Approaching childcare as a purely financial issue is unimaginative and damaging and it isn’t working
Secondly, the scheme excludes those who have made the decision to stay at home and care for their kids. Forgoing a second income is a significant economic sacrifice. Shouldn’t rearing children at home also be more ‘affordable’? Particularly given that we have it enshrined in the Constitution that a parent in the home is important for society. A tax credit to all families would have been fairer and more appropriate.
A tax credit would also have been fairer to the childcare providers. Like the ECCE scheme, I believe this scheme puts an unnecessary burden on the already stretched and undersupported early childhood sector. It is also indicative of the regard in which the early childhood sector is viewed by the Government. Did the GPs have to do all the paperwork when the Government introduced free GP care for the under sixes? No — the parent registers online. Do the property developers have to do the paperwork when the Government introduces budget measures that boost their industry by making property more ‘affordable’? Hardly.
But the childcare providers are expected to take on all this extra work without complaint and for very little compensation. And not only that, they are insulted by the Minister who warned them in this paper that if they raise their fees and fumble in the greasy till, she will scrap the scheme and the whole thing will be ruined for everyone.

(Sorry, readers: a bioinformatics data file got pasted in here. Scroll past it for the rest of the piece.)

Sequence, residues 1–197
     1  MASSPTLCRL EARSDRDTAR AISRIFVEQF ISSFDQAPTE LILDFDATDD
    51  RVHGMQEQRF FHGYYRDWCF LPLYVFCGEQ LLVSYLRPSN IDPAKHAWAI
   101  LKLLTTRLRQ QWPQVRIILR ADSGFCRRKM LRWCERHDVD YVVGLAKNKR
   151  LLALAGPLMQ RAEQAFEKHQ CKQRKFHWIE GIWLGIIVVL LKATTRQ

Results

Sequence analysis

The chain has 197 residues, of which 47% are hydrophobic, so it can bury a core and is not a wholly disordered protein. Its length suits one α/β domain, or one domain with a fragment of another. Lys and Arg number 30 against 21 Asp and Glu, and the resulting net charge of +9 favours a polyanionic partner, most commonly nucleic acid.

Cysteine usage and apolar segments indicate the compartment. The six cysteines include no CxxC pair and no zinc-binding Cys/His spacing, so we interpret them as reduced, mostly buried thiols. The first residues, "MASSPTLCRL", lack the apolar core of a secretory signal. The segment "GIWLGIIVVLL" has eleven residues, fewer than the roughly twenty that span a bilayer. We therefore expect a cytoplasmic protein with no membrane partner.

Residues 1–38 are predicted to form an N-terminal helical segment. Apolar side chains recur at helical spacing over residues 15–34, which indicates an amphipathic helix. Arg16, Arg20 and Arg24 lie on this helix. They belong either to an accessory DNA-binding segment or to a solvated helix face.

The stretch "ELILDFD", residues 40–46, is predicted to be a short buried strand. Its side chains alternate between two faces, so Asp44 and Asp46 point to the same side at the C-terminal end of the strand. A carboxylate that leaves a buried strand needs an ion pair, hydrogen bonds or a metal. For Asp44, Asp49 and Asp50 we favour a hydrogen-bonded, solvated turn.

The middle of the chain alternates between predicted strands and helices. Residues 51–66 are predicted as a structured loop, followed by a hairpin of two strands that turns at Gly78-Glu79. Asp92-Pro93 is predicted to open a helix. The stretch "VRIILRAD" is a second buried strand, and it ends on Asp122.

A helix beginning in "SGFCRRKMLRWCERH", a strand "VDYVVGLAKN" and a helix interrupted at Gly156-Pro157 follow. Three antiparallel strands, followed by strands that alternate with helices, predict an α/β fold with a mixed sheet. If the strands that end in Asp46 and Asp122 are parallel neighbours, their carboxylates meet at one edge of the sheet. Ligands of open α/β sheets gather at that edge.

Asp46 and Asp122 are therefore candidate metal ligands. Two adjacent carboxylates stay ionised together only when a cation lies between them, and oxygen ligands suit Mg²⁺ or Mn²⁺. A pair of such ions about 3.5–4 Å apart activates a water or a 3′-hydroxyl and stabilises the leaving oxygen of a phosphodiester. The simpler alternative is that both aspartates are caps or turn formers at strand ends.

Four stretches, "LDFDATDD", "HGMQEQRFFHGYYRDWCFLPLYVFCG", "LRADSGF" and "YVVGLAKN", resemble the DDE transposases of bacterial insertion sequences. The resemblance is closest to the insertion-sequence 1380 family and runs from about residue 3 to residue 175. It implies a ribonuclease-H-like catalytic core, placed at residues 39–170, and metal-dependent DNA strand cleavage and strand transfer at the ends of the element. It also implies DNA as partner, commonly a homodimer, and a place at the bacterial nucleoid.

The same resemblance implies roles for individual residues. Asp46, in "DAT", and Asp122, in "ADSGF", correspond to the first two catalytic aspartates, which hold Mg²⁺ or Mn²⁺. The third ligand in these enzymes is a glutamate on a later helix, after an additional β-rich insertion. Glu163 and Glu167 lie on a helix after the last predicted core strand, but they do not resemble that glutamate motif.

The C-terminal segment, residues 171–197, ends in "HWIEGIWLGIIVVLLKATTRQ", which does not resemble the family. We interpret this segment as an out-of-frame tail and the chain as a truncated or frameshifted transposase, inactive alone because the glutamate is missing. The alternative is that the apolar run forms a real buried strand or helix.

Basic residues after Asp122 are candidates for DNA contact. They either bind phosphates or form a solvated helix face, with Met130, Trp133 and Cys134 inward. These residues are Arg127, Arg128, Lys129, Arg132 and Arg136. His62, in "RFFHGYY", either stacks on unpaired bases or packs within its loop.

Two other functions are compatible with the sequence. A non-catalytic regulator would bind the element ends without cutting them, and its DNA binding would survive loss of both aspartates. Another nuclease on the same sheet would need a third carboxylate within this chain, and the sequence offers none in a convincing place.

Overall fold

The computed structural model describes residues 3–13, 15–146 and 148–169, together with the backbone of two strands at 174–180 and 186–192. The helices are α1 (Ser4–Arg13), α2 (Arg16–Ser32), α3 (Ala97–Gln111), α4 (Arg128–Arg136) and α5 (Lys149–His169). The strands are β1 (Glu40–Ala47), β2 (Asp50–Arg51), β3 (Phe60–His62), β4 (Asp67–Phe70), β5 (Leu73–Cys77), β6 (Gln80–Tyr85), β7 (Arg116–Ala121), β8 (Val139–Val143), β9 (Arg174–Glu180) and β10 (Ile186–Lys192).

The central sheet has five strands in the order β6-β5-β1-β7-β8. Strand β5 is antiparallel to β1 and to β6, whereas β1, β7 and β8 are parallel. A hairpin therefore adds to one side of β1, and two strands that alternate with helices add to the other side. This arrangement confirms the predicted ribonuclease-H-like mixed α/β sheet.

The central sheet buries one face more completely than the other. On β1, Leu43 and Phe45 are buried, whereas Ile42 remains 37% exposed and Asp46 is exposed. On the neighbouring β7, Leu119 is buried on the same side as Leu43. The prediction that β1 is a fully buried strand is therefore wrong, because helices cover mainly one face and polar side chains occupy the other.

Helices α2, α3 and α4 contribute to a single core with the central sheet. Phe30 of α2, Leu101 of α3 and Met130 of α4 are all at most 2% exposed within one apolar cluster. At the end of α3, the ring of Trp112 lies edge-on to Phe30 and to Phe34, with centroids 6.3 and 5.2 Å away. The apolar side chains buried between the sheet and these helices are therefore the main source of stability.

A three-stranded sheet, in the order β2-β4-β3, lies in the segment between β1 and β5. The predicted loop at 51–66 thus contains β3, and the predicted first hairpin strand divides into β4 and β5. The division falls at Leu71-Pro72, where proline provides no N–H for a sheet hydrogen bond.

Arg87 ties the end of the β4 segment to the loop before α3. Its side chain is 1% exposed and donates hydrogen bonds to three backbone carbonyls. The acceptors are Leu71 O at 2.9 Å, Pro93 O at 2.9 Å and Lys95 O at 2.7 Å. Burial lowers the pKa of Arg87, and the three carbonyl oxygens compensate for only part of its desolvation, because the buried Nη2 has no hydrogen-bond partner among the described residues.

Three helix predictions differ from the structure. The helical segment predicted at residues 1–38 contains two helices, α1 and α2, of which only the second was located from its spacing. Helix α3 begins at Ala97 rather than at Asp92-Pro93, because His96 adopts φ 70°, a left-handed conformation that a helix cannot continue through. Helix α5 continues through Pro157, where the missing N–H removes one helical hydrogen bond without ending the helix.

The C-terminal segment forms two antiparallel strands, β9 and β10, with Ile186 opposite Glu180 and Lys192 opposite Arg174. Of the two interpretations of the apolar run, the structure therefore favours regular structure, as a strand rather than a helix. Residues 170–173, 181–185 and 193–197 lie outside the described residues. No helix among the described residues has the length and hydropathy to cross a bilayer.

Her comments at the Kennedy School referring to the poor pay and conditions in the sector and urging workers to form a union can only have poured salt in the wound.
I have seen first-hand the care, the dedication and the passion with which childcare providers execute their roles over the last four years as my child attended a Montessori nursery run by the most amazing women. Yes, crèche fees do hover around the €1,000 mark depending on the age of the child, but to me, they are worth every penny.
The fact that we can’t afford them is not down to greed on the part of the childcare sector, it is because we have had successive governments that failed to understand that the first years of a child’s life are the most important in terms of determining who they will become. It is a sector that should be embraced by the Government and supported entirely, as are our national and secondary schools. It should be respected and revered, and not spoken about like it were a rogue bank or a vulture fund.
Sure, in any privatised sector you will always get the odd operator who cuts corners and takes any opportunity to boost profits, but I believe the rhetoric of the Minister has been very unfair. Private childcare providers stepped into the chasm created by successive inept governments that failed to change with the people and provide the facilities we required.
So really, it’s not the childcare sector’s fault that we can’t afford their fees, Minister Zappone, it’s yours.